‘Safe Routes For People’ Urgently Needed For Hawaii - Honolulu Civil Beat

About the Authors

Keopu Reelitz

Keopu Reelitz is the director of early learning and health policy at the Hawaii Children’s Action Network and a mother of three.

Kathleen Rooney

Kathleen Rooney is the director of transportation policy and programs for Ulupono Initiative.

The lives of our keiki and kupuna and their thriving futures are at stake.

When we envision a healthy and thriving Hawaii, one oft-overlooked but critically important component is the transportation system that connects our communities, families and places. Vibrant communities are indicators that our people and places are flourishing.

But what are vibrant communities without the holistic infrastructure to connect with one another and the places we call home?

For keiki and kupuna, cars are often not a great option. They and their families who care for them often rely on other methods of transportation — walking, rolling, using public transportation. Sometimes it’s a matter of convenience, but often it’s a matter of necessity.

Sadly, our state is now considered the 13th-most dangerous state for walking and biking, according to Smart Grown America’s Dangerous by Design 2022 report. There has been a concerning increase of traffic-related deaths and injuries in Hawaii with a record of 117 deaths and 572 injuries last year.

Meaningful legislation to establish a Safe Routes for People program has progressed this legislative session, dedicating resources toward strategies and projects that improve the safety of keiki and kupuna throughout our ground transportation system.

Biking can reduce traffic congestion in Honolulu. (Honolulu Department of Transportation Services/2022)

Early drafts of Senate Bill 1506 prioritized safe routes for keiki and kupuna and outlined actions to established a Safe Routes for People program along with funding. The bill also sought to authorize an “Implementation Committee” to develop the application process with input from local communities, helping to create a forum for bottoms-up project development.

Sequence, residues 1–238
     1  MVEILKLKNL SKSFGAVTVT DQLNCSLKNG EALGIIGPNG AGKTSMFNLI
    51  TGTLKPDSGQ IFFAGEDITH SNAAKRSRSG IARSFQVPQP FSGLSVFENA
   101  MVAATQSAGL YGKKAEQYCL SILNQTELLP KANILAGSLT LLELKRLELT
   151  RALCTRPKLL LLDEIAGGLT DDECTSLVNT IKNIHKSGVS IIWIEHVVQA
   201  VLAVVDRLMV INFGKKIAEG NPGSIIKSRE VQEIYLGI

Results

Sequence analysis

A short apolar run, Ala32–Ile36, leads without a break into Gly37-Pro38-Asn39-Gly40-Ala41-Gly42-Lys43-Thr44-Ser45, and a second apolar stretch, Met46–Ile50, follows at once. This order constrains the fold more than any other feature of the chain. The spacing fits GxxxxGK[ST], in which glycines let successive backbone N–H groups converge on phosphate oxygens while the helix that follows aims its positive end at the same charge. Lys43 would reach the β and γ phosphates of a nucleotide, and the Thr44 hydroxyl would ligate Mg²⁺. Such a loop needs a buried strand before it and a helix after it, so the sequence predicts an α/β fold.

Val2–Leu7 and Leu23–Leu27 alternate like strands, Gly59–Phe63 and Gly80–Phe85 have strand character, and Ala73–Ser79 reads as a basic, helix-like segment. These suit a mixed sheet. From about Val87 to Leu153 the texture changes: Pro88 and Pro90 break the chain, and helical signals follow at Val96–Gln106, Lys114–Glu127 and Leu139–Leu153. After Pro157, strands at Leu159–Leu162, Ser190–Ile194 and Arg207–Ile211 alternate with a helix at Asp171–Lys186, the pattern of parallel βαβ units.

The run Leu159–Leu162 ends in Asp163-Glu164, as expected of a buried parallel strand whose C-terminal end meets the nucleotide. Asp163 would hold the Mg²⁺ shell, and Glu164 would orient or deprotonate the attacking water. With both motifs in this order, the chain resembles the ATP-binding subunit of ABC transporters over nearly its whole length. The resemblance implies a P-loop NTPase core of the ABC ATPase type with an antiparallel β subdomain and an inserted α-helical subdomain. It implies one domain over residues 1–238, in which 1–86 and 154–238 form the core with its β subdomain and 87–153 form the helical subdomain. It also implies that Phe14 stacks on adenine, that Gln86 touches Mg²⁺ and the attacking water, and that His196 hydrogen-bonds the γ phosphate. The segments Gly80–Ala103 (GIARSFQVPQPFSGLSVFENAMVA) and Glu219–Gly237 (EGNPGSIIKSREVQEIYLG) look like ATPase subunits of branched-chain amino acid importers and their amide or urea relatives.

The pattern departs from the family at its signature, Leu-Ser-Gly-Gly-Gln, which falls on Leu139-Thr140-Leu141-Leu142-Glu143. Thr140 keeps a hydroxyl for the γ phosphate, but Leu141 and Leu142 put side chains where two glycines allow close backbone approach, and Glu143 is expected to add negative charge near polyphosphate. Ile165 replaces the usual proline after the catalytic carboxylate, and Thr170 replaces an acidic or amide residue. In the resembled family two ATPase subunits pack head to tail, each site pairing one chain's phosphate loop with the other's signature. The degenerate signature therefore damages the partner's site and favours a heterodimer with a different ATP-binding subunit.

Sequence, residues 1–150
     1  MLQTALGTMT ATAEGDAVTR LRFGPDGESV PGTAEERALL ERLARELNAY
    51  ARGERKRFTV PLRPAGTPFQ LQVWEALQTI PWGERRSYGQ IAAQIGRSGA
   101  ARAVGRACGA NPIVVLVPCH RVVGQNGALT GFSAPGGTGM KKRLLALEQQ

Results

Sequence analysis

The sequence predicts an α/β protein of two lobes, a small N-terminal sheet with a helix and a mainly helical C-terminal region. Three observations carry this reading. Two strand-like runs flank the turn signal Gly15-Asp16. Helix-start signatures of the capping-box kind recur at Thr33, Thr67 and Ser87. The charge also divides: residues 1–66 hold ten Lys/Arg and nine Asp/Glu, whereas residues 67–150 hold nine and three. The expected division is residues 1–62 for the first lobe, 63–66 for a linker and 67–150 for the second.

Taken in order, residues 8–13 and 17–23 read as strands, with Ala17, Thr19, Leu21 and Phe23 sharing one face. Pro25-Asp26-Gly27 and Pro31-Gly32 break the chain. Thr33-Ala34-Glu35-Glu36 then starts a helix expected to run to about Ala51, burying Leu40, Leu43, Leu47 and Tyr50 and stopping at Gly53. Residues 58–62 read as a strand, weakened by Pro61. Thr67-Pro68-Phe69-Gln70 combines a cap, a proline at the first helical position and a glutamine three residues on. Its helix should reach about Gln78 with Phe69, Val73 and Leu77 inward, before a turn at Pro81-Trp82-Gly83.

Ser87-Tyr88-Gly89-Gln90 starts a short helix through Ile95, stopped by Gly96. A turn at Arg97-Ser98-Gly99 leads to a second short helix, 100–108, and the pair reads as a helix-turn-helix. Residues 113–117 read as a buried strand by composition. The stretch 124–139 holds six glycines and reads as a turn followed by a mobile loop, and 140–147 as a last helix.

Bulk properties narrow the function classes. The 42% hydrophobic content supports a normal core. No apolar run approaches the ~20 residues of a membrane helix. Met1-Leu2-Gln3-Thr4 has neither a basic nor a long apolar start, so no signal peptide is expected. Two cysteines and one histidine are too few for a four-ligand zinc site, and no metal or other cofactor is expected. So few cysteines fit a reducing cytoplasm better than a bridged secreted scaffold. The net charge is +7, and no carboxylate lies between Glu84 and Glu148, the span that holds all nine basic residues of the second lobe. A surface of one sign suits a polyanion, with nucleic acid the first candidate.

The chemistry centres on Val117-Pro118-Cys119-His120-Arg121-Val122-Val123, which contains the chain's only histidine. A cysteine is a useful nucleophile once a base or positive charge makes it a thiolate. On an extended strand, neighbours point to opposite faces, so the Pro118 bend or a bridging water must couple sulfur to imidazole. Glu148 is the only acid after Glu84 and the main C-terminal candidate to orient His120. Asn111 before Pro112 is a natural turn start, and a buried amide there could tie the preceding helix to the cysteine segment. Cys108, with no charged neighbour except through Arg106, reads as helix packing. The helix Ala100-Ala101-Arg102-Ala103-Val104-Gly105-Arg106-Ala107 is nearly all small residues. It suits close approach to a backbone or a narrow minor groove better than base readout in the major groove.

SB 1506 has received unanimous support from various government agencies, community organizations, invested advocates, and friends and families. We are hopeful the measure receives its final hearing before the April 6 deadline for more deliberation and discussion in a future conference committee.

We are especially interested in this bill moving to conference because safe routes for all members of our community can be the difference between a healthy and thriving life, and one with insurmountable stressors and barriers.

For example, families have regularly identified transportation as one of their greatest barriers for attending Head Start, which is a federally funded program that provides quality services to qualifying children and their families. For kupuna, safe travel modes are vital to maintain independence and stay in the communities they love.

When we make it safe for keiki and kupuna, we make it safe for everyone.

Both the state and counties have made some progress in advancing safe and convenient active transportation. For example, the Hawaii Department of Transportation in recent years has been more proactive in leading or supporting worthy bikeway and pedestrian pathways.

Most recently, HDOT and the City and County of Honolulu have committed to the development of the 30-mile “East to West Oahu Active Transportation Corridor.”

However, the urgency and magnitude of what’s needed demands more. The Hawaii Climate Change Mitigation and Adaptation Commission inventoried more than $1 billion high-priority but unfunded active transportation projects across the state, showing how our current systems aren’t cutting it.

How much longer should we sacrifice the safety of our most vulnerable and cherished transportation users?